Ageism: Discrimination and stereotyping on the basis of age.

We know it’s not OK to allocate resources by race or by sex. Why should it be OK to weigh the needs of the young against the old? “- Mr R.K.Vij

After the All India HUM Senior Survey (AIHSS) was conducted, we found that the percentage of senior citizens living in nursing homes is dropping along with the decreasing number of seniors with dementia. The real epidemic now is ‘Anxiety & Depression’ over memory loss.

Evidently the longer a person lives, the less they fear dying. People are happiest at the beginnings and the end of their lives. It’s called the U-curve of happiness, and it’s been borne out by dozens of studies around the world it’s the way ageing itself affects the brain.
When we compared the result of the HUM survey to some similar ones published for seniors in the west, it showed that the baby boomers in the west have a very different perception when it comes to retirement, they start planning and living their lives independently whereas the common perception of a senior, post-retirement in our nation is to depend upon the younger generations for the rest of their days. Western boomers perceive old age as a new beginning to kickstart the 2nd innings of their life whereas as people tend to reach their 60’s in the east they start preparing for the ultimate reality.

Why on earth do we stop celebrating the ability to adapt and grow as we move through life? Why should ageing well mean struggling to look and move like younger versions of ourselves? It’s embarrassing to be called out as older until we quit being embarrassed about it, and it’s not healthy to go through life dreading our futures.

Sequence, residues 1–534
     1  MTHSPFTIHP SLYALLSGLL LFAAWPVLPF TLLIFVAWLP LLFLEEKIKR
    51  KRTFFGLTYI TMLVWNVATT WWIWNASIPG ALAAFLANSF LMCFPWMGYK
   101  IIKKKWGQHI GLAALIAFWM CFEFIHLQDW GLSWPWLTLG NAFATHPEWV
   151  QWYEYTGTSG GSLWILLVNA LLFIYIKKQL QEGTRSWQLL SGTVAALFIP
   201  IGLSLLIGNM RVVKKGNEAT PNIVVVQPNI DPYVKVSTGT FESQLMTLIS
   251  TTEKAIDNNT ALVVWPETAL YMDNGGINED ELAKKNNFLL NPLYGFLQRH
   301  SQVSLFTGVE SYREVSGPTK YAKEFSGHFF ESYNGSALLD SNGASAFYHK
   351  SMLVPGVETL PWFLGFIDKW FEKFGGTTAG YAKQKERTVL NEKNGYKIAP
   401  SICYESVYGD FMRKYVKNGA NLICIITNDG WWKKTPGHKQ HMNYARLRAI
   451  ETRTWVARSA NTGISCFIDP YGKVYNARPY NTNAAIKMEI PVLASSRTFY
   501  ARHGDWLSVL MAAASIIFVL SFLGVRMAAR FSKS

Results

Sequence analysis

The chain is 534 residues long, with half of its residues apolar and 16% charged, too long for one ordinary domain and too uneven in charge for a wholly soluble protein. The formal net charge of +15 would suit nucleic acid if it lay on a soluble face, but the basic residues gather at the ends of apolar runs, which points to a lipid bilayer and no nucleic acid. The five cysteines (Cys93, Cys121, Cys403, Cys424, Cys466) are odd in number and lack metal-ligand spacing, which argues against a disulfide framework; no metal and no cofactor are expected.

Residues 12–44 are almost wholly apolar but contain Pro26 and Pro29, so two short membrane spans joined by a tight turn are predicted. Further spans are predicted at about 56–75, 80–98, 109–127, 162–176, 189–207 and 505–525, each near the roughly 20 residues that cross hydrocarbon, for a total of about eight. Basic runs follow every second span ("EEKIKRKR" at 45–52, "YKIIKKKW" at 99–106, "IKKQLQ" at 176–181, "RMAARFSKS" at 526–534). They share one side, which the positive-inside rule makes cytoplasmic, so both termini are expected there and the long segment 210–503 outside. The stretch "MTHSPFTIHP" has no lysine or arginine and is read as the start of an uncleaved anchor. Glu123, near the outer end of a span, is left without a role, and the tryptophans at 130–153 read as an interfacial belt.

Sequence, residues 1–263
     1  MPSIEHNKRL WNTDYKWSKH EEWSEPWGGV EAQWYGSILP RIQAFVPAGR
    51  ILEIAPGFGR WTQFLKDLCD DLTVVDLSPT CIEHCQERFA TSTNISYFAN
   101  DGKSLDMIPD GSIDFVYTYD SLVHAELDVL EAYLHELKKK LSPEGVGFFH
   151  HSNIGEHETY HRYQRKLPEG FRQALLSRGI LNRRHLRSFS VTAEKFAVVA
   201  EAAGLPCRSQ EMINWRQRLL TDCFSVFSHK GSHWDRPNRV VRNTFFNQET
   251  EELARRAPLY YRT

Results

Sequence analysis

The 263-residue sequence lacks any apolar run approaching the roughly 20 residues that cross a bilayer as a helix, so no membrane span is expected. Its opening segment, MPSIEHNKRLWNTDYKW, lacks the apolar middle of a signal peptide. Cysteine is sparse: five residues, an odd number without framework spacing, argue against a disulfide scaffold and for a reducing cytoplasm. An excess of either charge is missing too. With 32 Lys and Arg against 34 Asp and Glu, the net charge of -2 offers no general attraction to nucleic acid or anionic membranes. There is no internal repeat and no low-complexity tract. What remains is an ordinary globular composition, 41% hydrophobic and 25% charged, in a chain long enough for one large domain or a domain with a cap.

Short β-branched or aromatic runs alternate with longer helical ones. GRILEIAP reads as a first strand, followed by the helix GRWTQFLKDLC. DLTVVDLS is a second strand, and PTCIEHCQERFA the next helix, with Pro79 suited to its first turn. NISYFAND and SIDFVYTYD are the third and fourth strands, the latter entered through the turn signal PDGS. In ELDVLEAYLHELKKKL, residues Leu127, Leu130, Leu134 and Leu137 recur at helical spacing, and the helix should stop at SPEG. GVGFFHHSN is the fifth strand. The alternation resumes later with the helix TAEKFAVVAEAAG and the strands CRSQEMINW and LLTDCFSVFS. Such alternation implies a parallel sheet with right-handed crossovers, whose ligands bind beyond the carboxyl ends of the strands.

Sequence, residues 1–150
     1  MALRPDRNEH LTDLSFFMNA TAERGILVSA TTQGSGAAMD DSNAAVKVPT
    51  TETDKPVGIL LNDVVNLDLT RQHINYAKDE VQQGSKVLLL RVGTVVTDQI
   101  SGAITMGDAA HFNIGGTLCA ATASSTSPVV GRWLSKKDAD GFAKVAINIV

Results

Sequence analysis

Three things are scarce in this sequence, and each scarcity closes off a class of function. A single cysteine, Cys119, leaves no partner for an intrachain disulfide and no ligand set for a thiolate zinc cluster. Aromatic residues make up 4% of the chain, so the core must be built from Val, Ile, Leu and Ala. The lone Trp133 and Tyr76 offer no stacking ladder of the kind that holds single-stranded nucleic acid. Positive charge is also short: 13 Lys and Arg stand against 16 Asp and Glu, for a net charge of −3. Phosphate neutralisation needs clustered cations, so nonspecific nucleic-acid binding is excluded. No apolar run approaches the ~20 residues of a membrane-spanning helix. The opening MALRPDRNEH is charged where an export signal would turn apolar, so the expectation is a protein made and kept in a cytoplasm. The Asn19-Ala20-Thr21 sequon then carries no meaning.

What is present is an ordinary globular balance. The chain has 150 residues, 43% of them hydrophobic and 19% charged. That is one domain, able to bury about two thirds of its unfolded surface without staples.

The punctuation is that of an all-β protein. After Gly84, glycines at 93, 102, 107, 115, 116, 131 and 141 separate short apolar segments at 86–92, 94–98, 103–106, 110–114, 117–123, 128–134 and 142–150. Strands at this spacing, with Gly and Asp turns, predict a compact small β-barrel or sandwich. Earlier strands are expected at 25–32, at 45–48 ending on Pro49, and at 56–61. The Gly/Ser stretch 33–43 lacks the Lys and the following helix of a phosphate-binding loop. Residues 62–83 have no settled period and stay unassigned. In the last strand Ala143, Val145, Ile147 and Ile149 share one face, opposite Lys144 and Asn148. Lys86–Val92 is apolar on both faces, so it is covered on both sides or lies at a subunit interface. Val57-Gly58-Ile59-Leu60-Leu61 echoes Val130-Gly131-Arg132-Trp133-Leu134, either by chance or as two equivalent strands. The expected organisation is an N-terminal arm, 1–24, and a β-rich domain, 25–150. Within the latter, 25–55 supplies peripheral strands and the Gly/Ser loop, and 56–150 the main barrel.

It is not the passage of time that makes getting older so much harder than it has to be. It is ageism. When labels are hard to read, there’s no handrail, or we can’t open the damn jar, we blame ourselves, our failure to age successfully, instead of the ageism that makes those natural transitions shameful and the discrimination that makes those barriers acceptable.

In my 78 years of experience, these are the most common stereotypes I believe have penetrated deep into the society-

– The first stereotype relates to consumption. Younger people frequently feel that limited resources should be spent on themselves rather than on older adults.
-The second stereotype relates to succession. Younger people often assume that older individuals have “had their turn,” and should make way for the younger generations.
-Finally, young people also hold stereotypes about the identity of older adults. Younger people feel that those who are older, should “act their age” and not try to “steal” the identities of younger people, including things such as speech patterns and manner of dress.
The personal and economic consequences of such stereotyping are devastating & none of them holds up under scrutiny. Companies aren’t adaptable and creative because their employees are young; they’re adaptable and creative despite it.
Diverse companies aren’t just better places to work; they work better. And just like race and sex, age is a major criterion for diversity. Manifestations of ageism are frequently cited in workplace situations, where it can lead to pay disparities or difficulty finding employment.
Younger adults may have difficulty finding jobs and receive lower pay due to their perceived lack of experience, while older adults may have problems achieving promotions, finding new work, and changing careers.